Repeat breathing for several breaths, until you feel calmed and refocused. Open your eyes and ask yourself, "What do I need to accomplish now?" Use this new focus to go about your day, refocusing as needed and allowing that you will deal with your emotional stress at a more opportune time.

Progressive Muscle Relaxation

Progressive Muscle Relaxation (PMR), is a widely known relaxation technique. Like deep breathing techniques, it is portable. You can do it on your living room floor or in your office chair. By progressively tensing and relaxing your muscles, you gain body awareness. Chances are you haven't even realized you are walking around with your muscles tight and flexed. By repetitively tensing and relaxing your muscles, you learn to recognize when your body is in that tense and uptight state, and when you need to take a minute to breathe and relax tension away.

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Like deep breathing techniques, Progressive Muscle Relaxation allows you to refocus your life. PMR allows you to clear away tension, stop feeling like a train has hit you, and face tasks from a new place free from intellectual distractions.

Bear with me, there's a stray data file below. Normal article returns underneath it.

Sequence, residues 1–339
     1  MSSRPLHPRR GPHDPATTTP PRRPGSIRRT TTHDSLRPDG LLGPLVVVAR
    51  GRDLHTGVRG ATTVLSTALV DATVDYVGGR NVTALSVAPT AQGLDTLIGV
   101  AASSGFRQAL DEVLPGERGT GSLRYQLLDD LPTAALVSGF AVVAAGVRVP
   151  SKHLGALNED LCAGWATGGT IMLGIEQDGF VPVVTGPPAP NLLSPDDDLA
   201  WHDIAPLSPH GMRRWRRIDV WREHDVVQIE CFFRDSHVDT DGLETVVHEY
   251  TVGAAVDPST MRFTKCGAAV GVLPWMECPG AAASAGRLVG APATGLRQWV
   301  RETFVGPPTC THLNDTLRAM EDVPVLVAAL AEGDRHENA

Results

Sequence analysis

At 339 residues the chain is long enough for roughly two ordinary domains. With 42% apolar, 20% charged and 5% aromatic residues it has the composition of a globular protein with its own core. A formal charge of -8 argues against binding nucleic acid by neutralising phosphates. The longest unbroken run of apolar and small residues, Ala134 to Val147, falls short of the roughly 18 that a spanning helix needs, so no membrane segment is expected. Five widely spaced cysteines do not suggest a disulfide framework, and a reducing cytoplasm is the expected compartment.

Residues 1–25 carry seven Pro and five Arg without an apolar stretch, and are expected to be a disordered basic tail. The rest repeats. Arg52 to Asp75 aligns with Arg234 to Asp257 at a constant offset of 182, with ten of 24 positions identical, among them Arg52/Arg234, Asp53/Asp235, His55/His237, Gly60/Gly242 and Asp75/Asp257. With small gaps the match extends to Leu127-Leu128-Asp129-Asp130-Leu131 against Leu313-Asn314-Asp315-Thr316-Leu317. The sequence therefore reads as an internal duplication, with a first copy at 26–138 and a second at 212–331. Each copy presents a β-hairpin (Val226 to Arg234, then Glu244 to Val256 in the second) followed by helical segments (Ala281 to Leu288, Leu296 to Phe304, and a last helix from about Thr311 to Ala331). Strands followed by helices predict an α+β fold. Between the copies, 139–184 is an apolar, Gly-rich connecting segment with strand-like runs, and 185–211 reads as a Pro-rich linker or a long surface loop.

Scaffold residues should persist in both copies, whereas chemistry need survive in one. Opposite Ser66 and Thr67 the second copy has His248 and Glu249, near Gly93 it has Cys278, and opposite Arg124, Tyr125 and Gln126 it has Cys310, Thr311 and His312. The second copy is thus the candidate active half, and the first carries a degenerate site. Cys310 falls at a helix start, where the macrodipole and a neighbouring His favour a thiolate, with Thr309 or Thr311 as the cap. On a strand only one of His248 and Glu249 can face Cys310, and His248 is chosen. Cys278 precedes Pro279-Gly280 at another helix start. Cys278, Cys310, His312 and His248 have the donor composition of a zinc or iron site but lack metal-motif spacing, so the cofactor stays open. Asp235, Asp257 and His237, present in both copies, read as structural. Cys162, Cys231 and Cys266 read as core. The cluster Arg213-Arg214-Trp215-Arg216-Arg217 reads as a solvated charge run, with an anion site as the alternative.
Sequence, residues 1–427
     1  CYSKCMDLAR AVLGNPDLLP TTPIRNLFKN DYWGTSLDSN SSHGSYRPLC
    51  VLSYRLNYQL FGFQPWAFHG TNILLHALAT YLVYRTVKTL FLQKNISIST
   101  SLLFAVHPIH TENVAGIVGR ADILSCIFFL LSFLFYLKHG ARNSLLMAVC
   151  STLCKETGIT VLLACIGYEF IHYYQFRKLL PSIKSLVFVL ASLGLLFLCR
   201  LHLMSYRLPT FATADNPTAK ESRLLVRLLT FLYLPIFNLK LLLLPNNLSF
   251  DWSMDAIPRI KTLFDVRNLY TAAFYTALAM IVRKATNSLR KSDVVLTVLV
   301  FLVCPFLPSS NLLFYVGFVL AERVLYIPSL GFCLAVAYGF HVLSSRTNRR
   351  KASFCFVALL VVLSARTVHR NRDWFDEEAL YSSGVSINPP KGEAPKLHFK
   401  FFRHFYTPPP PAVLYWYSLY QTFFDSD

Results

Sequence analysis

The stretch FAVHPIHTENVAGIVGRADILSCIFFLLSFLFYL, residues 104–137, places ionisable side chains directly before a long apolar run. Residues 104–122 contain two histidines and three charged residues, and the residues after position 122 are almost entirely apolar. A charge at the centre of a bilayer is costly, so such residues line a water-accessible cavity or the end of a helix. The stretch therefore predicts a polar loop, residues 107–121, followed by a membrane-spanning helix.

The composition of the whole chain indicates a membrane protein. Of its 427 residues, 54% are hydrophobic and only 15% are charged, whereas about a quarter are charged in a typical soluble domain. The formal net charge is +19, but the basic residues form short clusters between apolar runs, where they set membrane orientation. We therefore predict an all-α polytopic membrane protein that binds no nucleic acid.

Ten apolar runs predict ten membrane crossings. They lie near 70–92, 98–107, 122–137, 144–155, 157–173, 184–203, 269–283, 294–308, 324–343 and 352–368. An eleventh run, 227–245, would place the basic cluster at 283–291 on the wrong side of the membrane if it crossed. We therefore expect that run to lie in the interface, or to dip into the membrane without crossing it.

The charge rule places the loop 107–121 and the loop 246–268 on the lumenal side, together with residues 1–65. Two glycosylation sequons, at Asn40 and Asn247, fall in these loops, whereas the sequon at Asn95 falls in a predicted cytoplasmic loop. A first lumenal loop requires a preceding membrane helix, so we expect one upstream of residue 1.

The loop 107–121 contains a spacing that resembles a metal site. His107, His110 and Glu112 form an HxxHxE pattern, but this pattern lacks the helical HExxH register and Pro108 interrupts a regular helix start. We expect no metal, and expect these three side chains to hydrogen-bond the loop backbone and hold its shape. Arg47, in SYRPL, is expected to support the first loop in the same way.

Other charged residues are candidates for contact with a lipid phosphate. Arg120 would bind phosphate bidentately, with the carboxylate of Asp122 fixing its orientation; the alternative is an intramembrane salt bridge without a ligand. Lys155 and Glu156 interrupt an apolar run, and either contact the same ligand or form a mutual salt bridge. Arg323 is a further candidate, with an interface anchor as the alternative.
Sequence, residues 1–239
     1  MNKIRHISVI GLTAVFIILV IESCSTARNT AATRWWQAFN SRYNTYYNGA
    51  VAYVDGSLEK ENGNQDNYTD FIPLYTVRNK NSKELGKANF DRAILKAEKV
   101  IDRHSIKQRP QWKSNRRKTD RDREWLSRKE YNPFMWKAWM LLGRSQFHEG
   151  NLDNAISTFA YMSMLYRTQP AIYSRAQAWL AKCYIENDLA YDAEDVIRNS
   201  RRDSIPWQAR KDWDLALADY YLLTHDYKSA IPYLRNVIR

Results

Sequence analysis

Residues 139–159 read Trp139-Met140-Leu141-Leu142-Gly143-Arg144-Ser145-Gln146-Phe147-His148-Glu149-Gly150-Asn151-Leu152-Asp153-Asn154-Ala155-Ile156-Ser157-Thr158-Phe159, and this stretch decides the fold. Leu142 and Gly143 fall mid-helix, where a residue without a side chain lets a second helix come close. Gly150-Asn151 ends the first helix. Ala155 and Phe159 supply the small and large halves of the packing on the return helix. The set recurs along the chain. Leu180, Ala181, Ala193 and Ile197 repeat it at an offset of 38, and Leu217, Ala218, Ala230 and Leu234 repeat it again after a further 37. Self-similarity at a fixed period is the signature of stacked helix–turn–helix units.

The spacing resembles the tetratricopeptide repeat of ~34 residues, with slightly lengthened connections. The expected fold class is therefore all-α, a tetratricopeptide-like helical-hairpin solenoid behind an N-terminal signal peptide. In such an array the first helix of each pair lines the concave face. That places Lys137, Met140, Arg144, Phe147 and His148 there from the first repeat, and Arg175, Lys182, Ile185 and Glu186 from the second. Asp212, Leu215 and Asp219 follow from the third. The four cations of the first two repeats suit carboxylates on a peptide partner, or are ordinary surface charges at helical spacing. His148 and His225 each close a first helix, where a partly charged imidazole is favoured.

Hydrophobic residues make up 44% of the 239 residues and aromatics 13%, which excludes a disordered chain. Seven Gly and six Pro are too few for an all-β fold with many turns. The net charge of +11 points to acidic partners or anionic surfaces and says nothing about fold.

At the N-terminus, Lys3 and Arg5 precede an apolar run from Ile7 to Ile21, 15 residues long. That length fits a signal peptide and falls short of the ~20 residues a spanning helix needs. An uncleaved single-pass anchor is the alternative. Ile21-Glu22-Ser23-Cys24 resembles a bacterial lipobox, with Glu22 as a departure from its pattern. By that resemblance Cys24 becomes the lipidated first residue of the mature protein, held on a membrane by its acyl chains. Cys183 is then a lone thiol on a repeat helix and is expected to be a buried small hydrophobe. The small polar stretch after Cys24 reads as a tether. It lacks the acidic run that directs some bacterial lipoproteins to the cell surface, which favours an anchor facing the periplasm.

Progressive Muscle Relaxation is a simple technique to follow. Start with your head, clearing away the greatest source of your tension and frustration. The idea is to tense a given muscle or group of muscles as tightly as you can, then relax the group and feel the difference between the two states. From here, try to take it a step further and relax your concerns away a little more.